It didn't take long for us to realize that even with our small team of four, we work around the clock. More often than not, one of us will receive a late-night email from Alina, which in turn will be answered at the crack of dawn by Leslie, and attended to by Emily and Geoffrey later that day. It's far from something we do on purpose, but it somehow worked out that each of us are our most productive at different hours of the day. Here, we share that magic hour when we're each able to coast through our to-do lists—and an argument for what makes it so great:
Emily: I've always gotten up really early. When I was a kid, I'd wake up at 5:30/6 A.M. on the weekends, just revving to get my day started. So naturally I'd pick up the phone and call my friends to see when we could hang out. But back then, nobody had cell phones or their own lines, so I'd inevitably wake up the entire family (I'm embarrassed to admit that they even had to set certain times when I wasn't allowed to call). I still operate the same way - I love that time early in the morning when nobody else is up and I'm my most productive. There's something really satisfying about looking at the clock at 9 A.M. and realizing I've gotten so much done in the time I've been up. And then I have the entire day ahead of me, which I love! Of course in order for any of this to work, I pretty much require eight hours of sleep to function properly, which means I'm usually in bed by 10/10:30 P.M.
Geoffrey: I'm kind of like a reverse vampire, in that I can't sleep once the sun rises. This has benefitted us since Sloan's arrival, although I wouldn't complain if she slept in a little more once in a while. Even though I get up early, I really don't hit my peak productivity until around 8 A.M., which makes me feel I'm getting a jumpstart on the day, without keeping farmer's hours. I've always kept this routine, even in college, where I'd set up a class schedule that was full of early morning lectures (I once took a 6:30 A.M. history seminar), leaving the rest of the day open and flexible. I prefer to relax at night, so the thought of having to do any work in the evening makes me resent not having more daylight hours.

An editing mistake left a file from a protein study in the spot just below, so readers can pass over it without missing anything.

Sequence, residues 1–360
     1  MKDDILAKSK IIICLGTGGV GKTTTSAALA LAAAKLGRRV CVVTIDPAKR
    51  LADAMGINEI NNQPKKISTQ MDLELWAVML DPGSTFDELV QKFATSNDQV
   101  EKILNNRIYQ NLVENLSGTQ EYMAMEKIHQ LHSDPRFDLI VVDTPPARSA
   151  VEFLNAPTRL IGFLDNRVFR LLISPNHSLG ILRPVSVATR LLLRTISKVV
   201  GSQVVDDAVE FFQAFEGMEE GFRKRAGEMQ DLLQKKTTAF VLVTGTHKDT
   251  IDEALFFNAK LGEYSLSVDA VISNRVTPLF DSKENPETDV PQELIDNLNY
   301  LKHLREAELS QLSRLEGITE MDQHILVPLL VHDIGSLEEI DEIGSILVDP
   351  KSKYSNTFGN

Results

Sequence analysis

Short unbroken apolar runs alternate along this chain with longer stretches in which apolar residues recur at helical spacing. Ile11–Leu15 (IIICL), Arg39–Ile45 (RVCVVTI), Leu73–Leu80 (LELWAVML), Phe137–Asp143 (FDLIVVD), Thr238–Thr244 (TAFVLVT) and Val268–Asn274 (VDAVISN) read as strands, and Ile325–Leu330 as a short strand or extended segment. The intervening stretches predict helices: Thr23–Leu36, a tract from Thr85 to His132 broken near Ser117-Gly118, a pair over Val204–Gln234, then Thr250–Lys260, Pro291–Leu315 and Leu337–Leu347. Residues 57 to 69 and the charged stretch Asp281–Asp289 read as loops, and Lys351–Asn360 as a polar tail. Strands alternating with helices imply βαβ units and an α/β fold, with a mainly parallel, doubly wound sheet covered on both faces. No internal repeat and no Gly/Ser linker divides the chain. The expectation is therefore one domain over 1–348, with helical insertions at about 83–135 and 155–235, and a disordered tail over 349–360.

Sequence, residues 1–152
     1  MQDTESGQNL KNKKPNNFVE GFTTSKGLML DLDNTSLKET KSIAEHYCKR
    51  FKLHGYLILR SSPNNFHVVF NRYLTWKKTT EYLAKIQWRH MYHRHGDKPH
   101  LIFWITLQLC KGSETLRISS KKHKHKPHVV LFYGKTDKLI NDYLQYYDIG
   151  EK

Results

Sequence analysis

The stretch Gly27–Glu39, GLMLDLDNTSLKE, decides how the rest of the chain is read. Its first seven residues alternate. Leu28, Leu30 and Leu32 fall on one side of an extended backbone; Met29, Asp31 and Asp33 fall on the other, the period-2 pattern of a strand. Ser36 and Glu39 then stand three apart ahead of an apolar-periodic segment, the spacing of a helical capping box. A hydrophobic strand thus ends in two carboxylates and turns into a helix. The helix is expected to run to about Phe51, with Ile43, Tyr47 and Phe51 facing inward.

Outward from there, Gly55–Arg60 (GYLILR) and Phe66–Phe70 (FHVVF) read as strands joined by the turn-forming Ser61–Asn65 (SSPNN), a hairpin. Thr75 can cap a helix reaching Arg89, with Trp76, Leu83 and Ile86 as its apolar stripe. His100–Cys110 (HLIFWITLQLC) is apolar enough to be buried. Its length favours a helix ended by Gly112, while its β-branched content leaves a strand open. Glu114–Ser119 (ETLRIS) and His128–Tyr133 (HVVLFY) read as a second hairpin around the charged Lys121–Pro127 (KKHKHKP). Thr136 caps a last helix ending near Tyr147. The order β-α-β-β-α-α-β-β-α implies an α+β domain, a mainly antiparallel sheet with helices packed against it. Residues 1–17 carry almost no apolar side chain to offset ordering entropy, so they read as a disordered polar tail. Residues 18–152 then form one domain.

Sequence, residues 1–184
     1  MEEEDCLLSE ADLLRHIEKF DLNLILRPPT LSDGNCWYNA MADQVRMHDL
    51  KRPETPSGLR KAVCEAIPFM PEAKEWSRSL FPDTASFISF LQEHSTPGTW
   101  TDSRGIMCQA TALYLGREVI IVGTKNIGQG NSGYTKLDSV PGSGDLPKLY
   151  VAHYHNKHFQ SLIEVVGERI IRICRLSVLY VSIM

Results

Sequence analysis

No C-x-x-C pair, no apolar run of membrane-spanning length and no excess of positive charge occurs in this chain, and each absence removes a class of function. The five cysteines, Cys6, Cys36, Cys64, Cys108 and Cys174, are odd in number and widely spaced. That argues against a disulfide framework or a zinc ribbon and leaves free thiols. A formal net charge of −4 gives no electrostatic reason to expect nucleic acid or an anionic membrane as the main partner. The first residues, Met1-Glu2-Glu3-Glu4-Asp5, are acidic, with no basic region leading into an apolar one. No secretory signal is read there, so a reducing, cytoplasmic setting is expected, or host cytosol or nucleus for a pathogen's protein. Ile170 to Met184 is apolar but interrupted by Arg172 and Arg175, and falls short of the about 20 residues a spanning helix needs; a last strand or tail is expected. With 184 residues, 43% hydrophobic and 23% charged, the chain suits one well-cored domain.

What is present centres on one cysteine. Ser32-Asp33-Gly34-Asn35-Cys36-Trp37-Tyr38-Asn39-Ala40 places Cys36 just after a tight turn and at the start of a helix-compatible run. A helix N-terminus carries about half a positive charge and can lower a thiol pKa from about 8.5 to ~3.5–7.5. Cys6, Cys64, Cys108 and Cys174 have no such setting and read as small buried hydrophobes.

Alina: I am deeply and genetically a night owl. I am a vampire. I come alive at 6 P.M. and operate at peak capacity until about 2 A.M. Because I function so optimally in the evening, I'm almost always working at night voluntarily. In college, I was the person always starting work and big projects/papers at 8 p.m. I just couldn't start any earlier. Then I would stay up until 3 A.M., or 5 A.M., or pull an all-nighter, which I weirdly romanticized and relished. I love the same dark peace and quiet all these early birds (E, G, and Leslie) get from waking up early; I just get it in the wee hours of the night. Because everyone is asleep and it's so still and silent, I feel creatively alive, like it's just me and the work. If I had to I.D. my most productive hour during normal work hours, I'd say 11 A.M., because I've had time to ramp up and get my caffeine fix.
Leslie: I've always been an early bird—like Emily, I love the time of day, around 5 A.M. to 6 A.M., when it's slightly dark out and most people are still asleep. That's not to say I don't look and feel like the Loch Ness monster emerging from the deep when my alarm goes off, but once I shake off the initial grogginess, I always remember how much I love it. Once I'm up, I usually pull up Cupcakes and Cashmere on my laptop to make sure everything's running smoothly, then go for a run, and make myself breakfast and a coffee when I get back, which I eat while catching up on the news and my to-do list. Since no one's up yet, there are no distracting emails coming in, so I can be solely focused on whatever tasks I want to get done—plus, the pressure's off since everything I'm able to complete before traditional work hours feels like bonus. The flip-side is that I'm borderline narcoleptic around 10 P.M. (one of these days I'm going to fall asleep standing in a bar if I'm not careful...), but it's a trade I'm willing to make for now.